Lewis' tenure also marked a moment of transition for the postal service. With the onset of modern technology, like email, the era marked a call for modernization in order to preserve the USPS' mission to deliver the mail to all reaches of the country in a timely fashion while also remaining financially viable.
But DeJoy's approach to modernization "feels different in several ways," she said.
Alluding to a dysfunctional confirmation process within the U.S. Senate that for the last 10 years left gaping vacancies on the board, Lewis said that the postmaster general and the current board members "are very new and have none of the institutional knowledge that is usually there when you have more staggered terms of Governors."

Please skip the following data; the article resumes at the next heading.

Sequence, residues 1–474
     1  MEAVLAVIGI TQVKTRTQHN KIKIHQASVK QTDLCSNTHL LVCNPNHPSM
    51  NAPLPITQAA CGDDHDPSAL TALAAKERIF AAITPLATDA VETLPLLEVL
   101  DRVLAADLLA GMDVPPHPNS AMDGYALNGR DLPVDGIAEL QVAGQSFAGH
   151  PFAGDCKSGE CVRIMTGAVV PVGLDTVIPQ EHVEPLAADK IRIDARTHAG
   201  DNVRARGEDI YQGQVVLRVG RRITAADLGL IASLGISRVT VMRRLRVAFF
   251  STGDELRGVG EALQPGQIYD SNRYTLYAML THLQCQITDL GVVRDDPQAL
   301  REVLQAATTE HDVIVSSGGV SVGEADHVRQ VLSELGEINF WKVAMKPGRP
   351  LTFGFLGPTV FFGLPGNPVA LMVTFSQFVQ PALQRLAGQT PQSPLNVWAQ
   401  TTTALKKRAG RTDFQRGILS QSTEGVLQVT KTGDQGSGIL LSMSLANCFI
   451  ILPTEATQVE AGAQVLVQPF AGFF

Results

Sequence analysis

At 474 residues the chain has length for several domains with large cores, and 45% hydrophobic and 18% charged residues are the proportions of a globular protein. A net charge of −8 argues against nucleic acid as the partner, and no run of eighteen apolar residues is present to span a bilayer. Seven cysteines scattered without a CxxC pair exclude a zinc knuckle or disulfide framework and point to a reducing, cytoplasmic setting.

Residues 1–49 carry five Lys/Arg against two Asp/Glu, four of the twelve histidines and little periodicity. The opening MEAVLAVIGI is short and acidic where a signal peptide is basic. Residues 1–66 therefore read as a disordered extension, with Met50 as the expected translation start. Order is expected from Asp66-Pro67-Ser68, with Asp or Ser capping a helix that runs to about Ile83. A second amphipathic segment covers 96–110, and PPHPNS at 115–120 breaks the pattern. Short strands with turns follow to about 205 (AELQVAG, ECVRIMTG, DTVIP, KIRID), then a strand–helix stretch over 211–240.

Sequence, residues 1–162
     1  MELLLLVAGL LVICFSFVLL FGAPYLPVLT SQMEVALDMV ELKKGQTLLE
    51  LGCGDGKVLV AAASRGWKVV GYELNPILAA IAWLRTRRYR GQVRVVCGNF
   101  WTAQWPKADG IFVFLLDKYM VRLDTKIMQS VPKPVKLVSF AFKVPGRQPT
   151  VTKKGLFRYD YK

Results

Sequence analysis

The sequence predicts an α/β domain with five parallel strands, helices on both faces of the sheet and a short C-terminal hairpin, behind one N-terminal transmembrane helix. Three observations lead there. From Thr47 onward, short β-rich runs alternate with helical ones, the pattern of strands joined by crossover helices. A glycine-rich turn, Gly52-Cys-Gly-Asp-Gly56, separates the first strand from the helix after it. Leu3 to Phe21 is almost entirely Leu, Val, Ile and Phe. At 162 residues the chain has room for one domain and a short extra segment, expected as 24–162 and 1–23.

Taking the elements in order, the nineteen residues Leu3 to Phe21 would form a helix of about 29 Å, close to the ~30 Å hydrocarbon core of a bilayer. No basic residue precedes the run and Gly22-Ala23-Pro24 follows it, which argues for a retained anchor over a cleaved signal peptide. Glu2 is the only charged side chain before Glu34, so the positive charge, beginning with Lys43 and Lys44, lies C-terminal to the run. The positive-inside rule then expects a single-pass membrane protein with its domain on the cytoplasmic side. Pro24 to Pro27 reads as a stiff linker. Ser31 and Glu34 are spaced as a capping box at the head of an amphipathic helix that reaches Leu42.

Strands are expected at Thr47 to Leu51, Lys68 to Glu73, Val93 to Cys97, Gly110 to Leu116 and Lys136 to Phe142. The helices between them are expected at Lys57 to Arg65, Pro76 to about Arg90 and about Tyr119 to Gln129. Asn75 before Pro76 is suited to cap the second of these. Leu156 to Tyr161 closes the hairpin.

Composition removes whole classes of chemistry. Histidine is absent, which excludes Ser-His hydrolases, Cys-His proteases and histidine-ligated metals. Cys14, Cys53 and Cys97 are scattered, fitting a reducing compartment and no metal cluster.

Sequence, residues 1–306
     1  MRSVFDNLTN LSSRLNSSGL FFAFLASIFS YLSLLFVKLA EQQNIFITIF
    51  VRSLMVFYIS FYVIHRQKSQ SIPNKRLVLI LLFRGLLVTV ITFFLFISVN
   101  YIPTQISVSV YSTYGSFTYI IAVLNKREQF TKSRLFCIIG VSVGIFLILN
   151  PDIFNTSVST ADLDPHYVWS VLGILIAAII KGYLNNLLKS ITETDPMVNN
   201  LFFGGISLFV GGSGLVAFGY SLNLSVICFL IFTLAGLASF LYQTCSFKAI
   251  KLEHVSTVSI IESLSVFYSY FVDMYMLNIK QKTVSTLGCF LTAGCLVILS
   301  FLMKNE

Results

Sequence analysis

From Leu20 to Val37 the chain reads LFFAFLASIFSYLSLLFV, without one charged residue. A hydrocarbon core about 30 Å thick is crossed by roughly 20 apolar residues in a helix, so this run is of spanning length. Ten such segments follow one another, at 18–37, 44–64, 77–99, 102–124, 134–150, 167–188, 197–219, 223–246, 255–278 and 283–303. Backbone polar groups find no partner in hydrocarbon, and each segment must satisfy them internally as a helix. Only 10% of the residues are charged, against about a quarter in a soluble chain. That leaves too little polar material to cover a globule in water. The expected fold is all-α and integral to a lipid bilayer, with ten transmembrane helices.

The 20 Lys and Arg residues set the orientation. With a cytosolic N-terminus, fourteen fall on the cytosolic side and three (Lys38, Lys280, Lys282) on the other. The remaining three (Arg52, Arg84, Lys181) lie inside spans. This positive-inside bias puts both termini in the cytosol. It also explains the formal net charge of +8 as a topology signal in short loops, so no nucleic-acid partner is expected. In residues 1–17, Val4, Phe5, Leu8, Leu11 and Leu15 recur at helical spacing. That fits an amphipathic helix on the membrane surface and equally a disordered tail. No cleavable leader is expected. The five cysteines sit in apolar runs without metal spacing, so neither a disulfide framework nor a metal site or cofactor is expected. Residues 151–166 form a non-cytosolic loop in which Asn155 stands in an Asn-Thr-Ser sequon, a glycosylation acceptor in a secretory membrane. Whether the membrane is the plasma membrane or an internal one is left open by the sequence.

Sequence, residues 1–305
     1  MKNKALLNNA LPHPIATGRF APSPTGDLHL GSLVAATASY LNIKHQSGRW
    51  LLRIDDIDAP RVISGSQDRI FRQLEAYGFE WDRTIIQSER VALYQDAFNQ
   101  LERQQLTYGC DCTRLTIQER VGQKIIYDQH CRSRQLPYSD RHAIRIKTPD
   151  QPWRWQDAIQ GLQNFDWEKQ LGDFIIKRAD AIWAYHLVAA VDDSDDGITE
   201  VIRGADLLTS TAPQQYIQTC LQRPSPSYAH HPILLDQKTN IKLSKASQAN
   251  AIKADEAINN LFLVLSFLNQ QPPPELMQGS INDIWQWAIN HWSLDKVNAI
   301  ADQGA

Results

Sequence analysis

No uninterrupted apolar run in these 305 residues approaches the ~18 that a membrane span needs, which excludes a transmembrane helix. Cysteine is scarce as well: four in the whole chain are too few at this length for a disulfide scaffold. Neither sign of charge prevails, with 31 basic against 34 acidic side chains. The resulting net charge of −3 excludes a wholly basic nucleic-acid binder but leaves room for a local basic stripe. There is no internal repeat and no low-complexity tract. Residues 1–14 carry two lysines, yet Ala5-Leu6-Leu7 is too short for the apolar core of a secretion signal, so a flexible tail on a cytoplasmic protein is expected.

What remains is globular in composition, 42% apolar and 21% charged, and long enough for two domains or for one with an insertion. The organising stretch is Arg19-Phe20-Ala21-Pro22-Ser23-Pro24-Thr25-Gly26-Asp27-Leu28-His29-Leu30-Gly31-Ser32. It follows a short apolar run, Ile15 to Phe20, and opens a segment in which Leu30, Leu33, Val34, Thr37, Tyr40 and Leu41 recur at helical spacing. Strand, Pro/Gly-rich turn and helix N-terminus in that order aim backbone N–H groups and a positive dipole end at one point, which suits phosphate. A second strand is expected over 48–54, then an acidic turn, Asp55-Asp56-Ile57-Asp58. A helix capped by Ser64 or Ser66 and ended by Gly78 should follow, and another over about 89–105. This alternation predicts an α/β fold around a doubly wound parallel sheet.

"Yet they seem to be rushing ahead to make changes before having time to fully understand the impact of those changes on all the stakeholders and there are many: employees, mailers, Congress and the American public," she said.
She also has not seen "evidence that the current leadership has communicated their overall plan and goals that are driving the specific actions they are taking," and "there is clearly not a priority on ensuring prompt and reliable mail delivery or fulfilling the mission" of the USPS.
"I do not know for certain the motivation of the [postmaster general] and the Governors, but their actions are certainly inviting questions, and legitimately so," she added.
DeJoy has donated hundreds of thousands of dollars to committees dedicated to reelecting President Donald Trump in November and to other Republicans running for the U.S. Senate and U.S. House.